The passing of Hank Aaron certainly was sad and gave me great pause because like millions and millions I watched on television as he hit his 714th and 715th home runs, trying and breaking Babe Ruth's vaunted record.
In reviewing his career it was clear that he was the better hitter between himself and my favorite baseball player—Willie Mays. In the late-1960s Mays just got old, he slowed down, got injured. And with the Mets he was a part-time player who slumped early and late in both 1972 and 1973 (though his mid-season stats were decent).
So, while Hank was still hammerin' and Willie fell behind.
However, that is a topic for another day.
A couple of weeks ago a Twitter account I followed asked to post great seasons for athletes 40 years of age and older (in reference to Brady and Brees and other older quarterbacks). My response was Willie Mays' 1971 season with 18 home runs and 23 stolen bases.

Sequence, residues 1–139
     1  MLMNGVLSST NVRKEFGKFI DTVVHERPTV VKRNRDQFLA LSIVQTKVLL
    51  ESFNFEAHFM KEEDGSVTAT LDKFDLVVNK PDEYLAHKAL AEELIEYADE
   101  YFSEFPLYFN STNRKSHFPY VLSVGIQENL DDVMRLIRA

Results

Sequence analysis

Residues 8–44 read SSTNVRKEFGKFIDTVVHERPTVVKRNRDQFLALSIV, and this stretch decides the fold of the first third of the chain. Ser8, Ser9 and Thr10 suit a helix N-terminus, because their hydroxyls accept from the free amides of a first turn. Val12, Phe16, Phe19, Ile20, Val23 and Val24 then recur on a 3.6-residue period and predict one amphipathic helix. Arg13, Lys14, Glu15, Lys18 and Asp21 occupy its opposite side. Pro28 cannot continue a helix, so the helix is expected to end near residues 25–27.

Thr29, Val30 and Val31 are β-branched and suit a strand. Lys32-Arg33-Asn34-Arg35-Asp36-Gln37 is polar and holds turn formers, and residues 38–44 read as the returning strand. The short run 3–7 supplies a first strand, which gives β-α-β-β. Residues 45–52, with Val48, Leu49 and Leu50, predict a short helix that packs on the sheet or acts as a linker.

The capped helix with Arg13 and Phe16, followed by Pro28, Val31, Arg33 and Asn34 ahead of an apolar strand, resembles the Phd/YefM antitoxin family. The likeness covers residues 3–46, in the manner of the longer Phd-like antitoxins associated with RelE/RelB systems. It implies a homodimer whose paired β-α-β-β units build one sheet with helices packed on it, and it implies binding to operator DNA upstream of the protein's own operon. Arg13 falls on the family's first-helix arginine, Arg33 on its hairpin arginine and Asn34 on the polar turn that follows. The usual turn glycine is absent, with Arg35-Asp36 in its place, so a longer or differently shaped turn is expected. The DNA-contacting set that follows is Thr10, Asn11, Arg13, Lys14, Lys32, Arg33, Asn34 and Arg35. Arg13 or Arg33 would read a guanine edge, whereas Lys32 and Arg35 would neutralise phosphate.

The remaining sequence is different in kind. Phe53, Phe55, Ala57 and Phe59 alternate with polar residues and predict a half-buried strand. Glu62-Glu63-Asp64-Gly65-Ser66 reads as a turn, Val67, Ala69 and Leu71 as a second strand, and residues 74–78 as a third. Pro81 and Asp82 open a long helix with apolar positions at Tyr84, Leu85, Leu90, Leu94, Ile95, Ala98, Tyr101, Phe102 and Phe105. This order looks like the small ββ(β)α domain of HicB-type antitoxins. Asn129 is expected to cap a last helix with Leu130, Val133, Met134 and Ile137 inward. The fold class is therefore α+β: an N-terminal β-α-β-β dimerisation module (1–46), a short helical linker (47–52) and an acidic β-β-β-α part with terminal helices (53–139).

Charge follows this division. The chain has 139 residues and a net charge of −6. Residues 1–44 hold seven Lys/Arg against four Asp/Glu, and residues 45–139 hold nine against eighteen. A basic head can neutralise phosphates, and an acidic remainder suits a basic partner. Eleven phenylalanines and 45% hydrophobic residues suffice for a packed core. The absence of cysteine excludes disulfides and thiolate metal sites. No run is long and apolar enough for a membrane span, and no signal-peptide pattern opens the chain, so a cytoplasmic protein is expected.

What I didn't do is look at that 1971 season in-depth, comparing to other MLB seasons of players 40-and-older.
Here that in-depth look with charts from Stathead Baseball.
After all these years, Mays' 18 home runs at age 40 is still tied for 20th all-time for players 40 and over. At the time it was third.
No, we've buried the lede—His WAR is the best all-time for the geriatric crowd.
And his power-speed number is also tops -definition from BR
There are probably more stats. But 1971 was truly an A-Mays-ing year for Willie. The Giants won the West and lost to the Pirates in the NLCS. He played a lot at first base and as can be seen at 40 he did a lot of things (power, speed, getting on base) than a lot of younger players couldn't and didn't do.